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Theresa May’s Industrial Strategy

With Brexit on the horizon, Prime Minister Theresa May is set to reveal a more interventionist industrial strategy.

The 10 point plan includes focussing on ‘encouraging trade and inward investment’ in five sectors: life sciences, low carbon-emission vehicles, industrial digitalisation, the creative sector and nuclear industry.

Inspired by a model used in the automotive and aerospace industries, deals will only be available to sectors which manage to show that government support would help overcome their specific challenges.

The government intends to invest £170 million to create new institutes of technology and boost STEM skills (science, technology, engineering and maths skills), digital skills and numeracy.

Theresa May

 

As described by Business Secretary Greg Clark, the Green Paper will set out ways to tackles the problem that, ‘for many years, we have not been as good on technical education as our competitors’.

Many business leaders have welcomed the plan which will see them consulted on the industrial strategy proposals.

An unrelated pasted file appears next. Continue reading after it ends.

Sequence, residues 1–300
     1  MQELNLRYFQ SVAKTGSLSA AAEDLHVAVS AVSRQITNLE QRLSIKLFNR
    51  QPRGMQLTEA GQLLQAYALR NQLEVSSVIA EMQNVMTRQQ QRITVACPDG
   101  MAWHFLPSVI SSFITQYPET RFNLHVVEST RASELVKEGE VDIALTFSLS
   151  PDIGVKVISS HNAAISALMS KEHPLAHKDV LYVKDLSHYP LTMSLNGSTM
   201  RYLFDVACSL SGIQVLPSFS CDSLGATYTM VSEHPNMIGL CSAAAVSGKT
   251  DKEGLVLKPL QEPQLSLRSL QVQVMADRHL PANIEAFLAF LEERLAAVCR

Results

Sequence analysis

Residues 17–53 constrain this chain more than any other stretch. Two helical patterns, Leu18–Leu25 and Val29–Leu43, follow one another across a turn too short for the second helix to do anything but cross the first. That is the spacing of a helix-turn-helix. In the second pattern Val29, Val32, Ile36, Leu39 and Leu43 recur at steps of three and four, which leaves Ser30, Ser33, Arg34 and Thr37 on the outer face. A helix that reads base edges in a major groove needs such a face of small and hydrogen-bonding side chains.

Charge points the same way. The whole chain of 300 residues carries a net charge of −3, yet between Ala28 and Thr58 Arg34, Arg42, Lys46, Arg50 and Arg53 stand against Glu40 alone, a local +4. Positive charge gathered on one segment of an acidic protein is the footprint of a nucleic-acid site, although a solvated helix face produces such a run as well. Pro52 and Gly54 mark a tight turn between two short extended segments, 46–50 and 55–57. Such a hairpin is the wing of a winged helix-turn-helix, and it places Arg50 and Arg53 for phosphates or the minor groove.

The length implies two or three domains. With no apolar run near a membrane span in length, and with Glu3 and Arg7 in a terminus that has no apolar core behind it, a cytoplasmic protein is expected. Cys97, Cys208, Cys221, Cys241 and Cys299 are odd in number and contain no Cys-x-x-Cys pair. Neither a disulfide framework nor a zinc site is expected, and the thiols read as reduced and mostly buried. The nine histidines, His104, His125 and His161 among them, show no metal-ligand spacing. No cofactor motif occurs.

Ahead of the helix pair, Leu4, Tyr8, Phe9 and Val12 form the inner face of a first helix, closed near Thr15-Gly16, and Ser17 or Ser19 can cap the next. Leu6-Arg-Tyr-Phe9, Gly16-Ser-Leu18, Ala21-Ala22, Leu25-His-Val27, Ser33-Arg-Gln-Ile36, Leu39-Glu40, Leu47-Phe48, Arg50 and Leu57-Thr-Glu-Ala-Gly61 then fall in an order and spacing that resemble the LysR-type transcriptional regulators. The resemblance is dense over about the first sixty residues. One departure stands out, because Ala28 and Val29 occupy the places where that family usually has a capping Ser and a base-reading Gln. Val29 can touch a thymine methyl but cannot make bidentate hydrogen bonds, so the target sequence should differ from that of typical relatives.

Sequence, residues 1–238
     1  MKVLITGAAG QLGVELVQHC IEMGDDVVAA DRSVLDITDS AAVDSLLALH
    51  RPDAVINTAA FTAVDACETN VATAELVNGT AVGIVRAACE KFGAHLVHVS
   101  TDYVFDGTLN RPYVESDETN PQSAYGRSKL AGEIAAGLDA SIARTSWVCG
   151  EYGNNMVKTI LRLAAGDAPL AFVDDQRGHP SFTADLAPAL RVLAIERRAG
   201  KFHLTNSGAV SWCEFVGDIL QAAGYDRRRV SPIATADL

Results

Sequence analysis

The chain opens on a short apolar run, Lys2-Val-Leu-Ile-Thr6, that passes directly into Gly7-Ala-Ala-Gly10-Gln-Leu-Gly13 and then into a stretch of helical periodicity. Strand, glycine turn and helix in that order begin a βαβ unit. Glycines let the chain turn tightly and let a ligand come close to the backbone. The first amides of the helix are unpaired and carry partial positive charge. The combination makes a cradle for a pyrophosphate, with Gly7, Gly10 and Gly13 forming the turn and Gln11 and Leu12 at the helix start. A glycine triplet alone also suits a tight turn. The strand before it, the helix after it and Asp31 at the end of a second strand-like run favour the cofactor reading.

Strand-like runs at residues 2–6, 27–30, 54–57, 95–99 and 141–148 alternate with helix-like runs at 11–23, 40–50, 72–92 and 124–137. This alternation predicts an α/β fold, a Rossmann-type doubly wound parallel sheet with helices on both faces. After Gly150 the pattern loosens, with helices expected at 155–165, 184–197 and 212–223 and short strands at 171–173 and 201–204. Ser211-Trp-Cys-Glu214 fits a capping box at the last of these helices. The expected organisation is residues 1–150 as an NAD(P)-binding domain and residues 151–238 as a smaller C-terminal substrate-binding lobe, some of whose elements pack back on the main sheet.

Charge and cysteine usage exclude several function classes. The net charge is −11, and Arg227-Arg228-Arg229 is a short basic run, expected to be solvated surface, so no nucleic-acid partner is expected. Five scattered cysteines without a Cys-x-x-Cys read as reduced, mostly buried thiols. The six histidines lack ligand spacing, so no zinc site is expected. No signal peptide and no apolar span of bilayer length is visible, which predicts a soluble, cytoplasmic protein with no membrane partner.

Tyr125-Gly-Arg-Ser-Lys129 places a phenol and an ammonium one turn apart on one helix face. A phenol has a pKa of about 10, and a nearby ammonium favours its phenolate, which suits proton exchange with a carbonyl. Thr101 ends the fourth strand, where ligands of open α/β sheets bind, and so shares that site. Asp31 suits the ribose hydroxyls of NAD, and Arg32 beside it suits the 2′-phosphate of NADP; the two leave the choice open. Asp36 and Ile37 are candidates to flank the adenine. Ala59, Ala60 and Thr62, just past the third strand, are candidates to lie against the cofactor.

However, the University and Colleges Union (UCU) have described the proposals as little more than ‘another set of gimmicks’ that will result in limited practical difference.

May will also reveal a further £556 million investment in the Northern Powerhouse.

The Northern Powerhouse is a proposal to boost economic growth in the North of England

 

Among other investments, the money will provide a new innovation fund for businesses in Manchester and Cheshire.

However, the Institute of Directors (IoD) have warned against the government keeping ‘struggling companies going through cash payments’.

The Iod emphasises the long term importance of training individuals to ensure they are skilled appropriately for relevant roles rather than throwing money at failing businesses.

“Unless the government puts a lot of flesh on these bones this will be a strategy of spin rather than substance”, said Shadow Business Secretary, Clive Lewis.

Whilst Theresa May’s industrial strategy encourages movement in the correct direction, economists will be waiting to see whether these government commitments translate into practical improvements.